Could we see a birth of an American made Dirt Bike? An American Dual Sport…or heaven forbid an American sport bike. Imagine, a company that might even listen to the masses and put together an American Sport Touring Bike? And no, MMM does not consider the Buell to be a sport touring bike. Angry email please include, “Gus Breiland is a moron” in the subject line.

World Sidecar Land Speed Record Broken
New Zealander Glenn Hayward, driving a 1000 c.c. machine dubbed the Flying Kiwi, shattered the 19-year-old world speed record for motorcycle and sidecar on Tuesday, July 17th 2005, over a stretch of highway on New Zealand’s South Island. Riding with a 60 kg weight in the sidecar, Hayward reached a two-run average of 272 kph (170 mph), eclipsing the previous record of 222 kph (139 mph).

Covering 100 meters every 1.3 seconds is traveling at quite a pace – a world record pace in fact for a couple of serious motorcycle enthusiasts from New Zealand’s South Island who have created the fastest bike with a sidecar ever built. Glenn Hayward and Phil Garret took their ‘Flying Kiwi’ to a teeth- chattering 272 kilometers per hour (170 miles per hour) along an ordinary stretch of open road – minus the traffic of course. Tuesday’s record breaking run was supposed to have been just practice, but conditions became good enough for Hayward to open the throttle as far as it would go.

It’s taken three and-a-half years and around US$ 140-thousand of investment to overtake the previous record of 222 kph (139 mph), set back in 1986… and the initial reaction was one of relief rather than elation. Phil Garret, the team leader, also broke the old record with a run averaging 264 kph, but had to concede that his teammate was the quickest.

But the record attempts don’t stop here. Garret wants to take the Flying Kiwi to Australia – or even the salt flats of Utah, to see what the machine can really do.

MMM argues that this isn’t really a true test of speed until they reach 205 on the Flood Run.

No Taxation Without Representation—British Propose Per Mile Tax
The British Department of Transport is set to reveal plans for a new road charge scheme, which charges for every mile you cover. The pilot programs set-up within two years, although the plans are unlikely to become reality before 2015.

Road use would be measured by satellite tracking, with quiet country lanes costing 2p a mile, and the busiest areas costing £1.30 ($2.28). And riders would need to have tracking devices fitted. There’s currently no official line on whether motorcycles will be included, with the Transport saying that they can’t answer any specific questions, but it could see bikes and cars priced off the roads.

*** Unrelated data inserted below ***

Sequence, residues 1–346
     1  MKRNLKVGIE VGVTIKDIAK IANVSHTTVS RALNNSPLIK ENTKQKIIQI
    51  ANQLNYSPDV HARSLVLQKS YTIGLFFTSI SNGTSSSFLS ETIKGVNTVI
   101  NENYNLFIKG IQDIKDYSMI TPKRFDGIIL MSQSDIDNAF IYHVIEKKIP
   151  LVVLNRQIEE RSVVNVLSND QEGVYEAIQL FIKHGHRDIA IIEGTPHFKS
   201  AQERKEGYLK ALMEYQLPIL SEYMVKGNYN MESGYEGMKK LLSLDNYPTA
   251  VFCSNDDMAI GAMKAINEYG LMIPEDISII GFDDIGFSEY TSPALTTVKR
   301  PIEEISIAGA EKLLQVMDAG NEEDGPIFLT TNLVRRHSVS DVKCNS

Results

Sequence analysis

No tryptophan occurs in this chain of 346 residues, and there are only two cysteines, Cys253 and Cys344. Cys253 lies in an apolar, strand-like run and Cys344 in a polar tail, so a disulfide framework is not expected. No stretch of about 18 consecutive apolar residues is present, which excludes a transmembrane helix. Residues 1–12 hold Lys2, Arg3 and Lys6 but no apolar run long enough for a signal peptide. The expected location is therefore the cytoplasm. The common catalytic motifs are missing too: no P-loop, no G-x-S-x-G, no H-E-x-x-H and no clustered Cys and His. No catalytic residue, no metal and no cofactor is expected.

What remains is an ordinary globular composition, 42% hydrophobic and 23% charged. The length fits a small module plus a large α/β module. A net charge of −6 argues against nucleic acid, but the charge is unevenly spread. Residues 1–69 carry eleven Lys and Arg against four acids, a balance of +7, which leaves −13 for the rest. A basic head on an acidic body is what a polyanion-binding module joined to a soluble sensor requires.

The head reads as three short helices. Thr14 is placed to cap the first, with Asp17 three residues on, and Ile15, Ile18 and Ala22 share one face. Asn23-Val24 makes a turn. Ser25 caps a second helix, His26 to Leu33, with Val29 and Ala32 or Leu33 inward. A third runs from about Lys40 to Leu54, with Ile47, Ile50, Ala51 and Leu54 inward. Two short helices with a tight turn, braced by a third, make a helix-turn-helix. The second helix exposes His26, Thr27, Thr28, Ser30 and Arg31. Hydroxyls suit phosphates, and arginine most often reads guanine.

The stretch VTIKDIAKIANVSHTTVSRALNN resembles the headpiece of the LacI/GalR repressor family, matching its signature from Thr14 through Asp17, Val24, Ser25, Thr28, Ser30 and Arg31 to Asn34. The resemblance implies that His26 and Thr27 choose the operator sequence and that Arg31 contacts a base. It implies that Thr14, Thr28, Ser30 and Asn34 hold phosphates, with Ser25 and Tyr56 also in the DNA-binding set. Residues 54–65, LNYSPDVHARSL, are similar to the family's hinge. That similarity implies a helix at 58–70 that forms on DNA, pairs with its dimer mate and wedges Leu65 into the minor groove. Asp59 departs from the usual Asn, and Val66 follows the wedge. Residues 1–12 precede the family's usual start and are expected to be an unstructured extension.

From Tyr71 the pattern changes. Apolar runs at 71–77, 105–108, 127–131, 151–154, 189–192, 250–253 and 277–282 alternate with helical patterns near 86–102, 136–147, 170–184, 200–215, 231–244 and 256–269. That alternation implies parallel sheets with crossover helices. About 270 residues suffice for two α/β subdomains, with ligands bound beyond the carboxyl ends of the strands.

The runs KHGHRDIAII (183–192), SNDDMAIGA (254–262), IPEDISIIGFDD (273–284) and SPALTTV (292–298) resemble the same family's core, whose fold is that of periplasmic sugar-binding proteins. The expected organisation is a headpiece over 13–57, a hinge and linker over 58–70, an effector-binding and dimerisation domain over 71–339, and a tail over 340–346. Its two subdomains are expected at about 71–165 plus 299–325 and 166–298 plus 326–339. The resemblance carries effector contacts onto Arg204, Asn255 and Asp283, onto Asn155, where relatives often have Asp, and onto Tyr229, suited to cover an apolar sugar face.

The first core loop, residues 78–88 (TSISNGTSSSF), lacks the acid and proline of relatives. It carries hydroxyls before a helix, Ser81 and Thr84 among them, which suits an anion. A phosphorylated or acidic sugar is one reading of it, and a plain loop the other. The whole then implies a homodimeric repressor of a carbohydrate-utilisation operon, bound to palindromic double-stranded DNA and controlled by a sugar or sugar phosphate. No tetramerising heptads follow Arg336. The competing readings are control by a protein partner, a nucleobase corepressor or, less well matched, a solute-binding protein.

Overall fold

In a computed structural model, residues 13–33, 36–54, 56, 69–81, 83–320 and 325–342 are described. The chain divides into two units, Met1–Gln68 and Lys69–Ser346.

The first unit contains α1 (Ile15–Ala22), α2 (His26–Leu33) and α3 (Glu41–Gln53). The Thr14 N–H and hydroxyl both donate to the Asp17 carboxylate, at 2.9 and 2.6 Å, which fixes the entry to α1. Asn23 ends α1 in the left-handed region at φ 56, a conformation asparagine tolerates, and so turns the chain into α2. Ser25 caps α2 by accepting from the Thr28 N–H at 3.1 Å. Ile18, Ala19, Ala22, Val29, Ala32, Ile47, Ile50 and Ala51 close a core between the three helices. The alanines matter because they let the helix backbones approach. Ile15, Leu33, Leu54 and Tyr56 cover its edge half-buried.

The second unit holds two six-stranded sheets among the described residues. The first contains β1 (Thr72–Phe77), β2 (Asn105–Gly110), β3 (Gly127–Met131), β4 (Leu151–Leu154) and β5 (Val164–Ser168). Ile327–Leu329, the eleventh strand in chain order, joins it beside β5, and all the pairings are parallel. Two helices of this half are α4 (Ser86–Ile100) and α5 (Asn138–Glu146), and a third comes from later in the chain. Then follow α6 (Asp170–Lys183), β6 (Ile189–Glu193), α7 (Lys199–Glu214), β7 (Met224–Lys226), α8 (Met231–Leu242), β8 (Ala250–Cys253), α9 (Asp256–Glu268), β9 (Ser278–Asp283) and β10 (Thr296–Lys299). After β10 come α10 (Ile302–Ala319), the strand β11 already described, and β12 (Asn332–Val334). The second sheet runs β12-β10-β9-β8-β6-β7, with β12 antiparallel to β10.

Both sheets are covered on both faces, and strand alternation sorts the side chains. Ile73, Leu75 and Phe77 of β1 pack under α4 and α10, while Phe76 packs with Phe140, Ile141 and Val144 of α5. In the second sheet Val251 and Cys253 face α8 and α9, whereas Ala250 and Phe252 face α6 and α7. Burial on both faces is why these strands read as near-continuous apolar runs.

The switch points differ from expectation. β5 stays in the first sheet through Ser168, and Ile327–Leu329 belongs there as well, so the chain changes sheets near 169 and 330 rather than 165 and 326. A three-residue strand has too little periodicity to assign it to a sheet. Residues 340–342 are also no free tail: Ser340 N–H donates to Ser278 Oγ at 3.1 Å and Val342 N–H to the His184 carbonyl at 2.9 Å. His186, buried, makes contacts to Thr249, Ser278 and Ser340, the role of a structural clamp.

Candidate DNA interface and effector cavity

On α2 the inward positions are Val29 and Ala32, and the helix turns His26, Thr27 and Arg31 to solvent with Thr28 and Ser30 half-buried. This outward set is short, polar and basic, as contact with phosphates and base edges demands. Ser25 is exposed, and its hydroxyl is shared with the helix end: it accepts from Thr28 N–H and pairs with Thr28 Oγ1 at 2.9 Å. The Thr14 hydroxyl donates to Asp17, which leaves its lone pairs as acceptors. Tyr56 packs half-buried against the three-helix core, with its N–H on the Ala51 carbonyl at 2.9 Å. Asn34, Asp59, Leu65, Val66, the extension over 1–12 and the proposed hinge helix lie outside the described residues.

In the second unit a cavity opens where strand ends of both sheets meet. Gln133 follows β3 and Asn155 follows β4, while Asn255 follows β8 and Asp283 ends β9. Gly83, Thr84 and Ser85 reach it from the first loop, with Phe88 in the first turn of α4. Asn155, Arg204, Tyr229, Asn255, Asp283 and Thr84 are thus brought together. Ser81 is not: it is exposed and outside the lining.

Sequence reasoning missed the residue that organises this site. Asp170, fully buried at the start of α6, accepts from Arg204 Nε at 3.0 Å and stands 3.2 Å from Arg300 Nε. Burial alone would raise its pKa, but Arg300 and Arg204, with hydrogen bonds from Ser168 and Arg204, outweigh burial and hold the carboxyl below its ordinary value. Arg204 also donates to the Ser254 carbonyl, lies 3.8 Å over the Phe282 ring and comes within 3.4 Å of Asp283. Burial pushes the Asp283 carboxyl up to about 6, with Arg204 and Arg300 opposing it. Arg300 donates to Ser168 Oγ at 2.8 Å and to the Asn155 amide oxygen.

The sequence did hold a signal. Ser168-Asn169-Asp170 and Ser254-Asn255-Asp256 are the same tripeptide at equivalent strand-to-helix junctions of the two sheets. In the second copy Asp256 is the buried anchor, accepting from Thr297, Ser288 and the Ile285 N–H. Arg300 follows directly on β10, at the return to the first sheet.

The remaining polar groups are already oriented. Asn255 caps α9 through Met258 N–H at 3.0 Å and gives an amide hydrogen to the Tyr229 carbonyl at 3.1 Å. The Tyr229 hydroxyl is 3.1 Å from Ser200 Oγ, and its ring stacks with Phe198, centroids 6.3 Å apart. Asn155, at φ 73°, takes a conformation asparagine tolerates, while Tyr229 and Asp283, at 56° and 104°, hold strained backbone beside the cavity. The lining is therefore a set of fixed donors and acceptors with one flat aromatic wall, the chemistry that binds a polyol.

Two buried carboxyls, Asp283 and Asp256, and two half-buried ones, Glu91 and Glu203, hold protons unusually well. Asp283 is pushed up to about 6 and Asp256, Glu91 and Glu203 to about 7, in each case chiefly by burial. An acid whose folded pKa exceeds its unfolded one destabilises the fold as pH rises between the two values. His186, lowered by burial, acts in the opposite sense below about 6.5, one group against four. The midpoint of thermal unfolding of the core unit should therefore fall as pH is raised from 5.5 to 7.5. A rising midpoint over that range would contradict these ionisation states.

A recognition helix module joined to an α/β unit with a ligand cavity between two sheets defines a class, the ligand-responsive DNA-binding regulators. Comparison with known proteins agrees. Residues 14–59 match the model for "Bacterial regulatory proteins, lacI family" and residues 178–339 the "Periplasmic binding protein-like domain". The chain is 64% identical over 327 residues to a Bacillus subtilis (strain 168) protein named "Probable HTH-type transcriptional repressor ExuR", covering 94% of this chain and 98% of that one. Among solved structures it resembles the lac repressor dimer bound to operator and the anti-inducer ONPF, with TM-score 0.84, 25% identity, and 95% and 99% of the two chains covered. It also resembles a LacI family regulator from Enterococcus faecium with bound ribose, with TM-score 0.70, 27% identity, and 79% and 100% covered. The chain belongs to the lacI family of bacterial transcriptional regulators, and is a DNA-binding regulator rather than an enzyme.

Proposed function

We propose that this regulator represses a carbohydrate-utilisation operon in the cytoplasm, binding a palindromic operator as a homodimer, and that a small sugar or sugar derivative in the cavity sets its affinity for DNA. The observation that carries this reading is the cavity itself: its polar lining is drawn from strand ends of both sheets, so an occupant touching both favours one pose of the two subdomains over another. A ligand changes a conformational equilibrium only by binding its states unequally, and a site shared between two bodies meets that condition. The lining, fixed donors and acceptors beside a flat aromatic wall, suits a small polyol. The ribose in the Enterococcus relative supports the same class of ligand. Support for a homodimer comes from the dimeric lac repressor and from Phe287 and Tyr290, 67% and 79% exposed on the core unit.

As an example, commuting ten miles in rush hour at the top price would cost £13 ($22.82) one way. To get home during rush hour doubles it to £26 ($45.64). And work five days a week and you’ll be paying £130 ($228.15) just to get to and from work. Do that every week and you’ll pay £6760 ($11,863.81) just to commute.

Kinda takes the fun out of owning anything with a motor. It just goes to show that when a human finds a way to have fun and enjoy life, government is there to put their boot on your neck and make you pay. Find a cardboard box and a tinfoil hat to play paddy cakes with your imaginary friend. But make sure you have a plan for when imaginary friends are no longer dependants in 2008.

Loud Pipes Raise Revenue
New Hampshire motorcycle riders will face stiffer penalties for bikes that are too loud under House Bill 326. House and Senate members of a conference committee came to agreement on legislation banning so-called “straight pipes” on exhaust systems which Seacoast police chiefs have said lead to excessive noise and a lot of complaints from residents in the summer. The committee agreed to keep the current testing system in place, but increase the fines for violating the 106 decibel level from $43 to $100 for a first offense, and up to $300 for subsequent offenses.

Current law does ban straight pipes, but according to House Transportation Committee Chairman Sherman Packard (R-Londonderry), the language of the law is a bit ambiguous. Current law prohibits any person from operating a motorcycle that has a measured noise level of more than 106 decibels. The full House and Senate must now approve the measure, which takes affect 30 days after passage.

So put on those life savers and head on out to Laconia. Hew Hampshire is a beautiful state and your fine dollars will make the roads so much nicer to ride on while I am out there to watch the fall colors on my stock piped bike. Odd how one of the more “freedom” loving states finds loud pipes so annoying that they are willing to fine said “right”.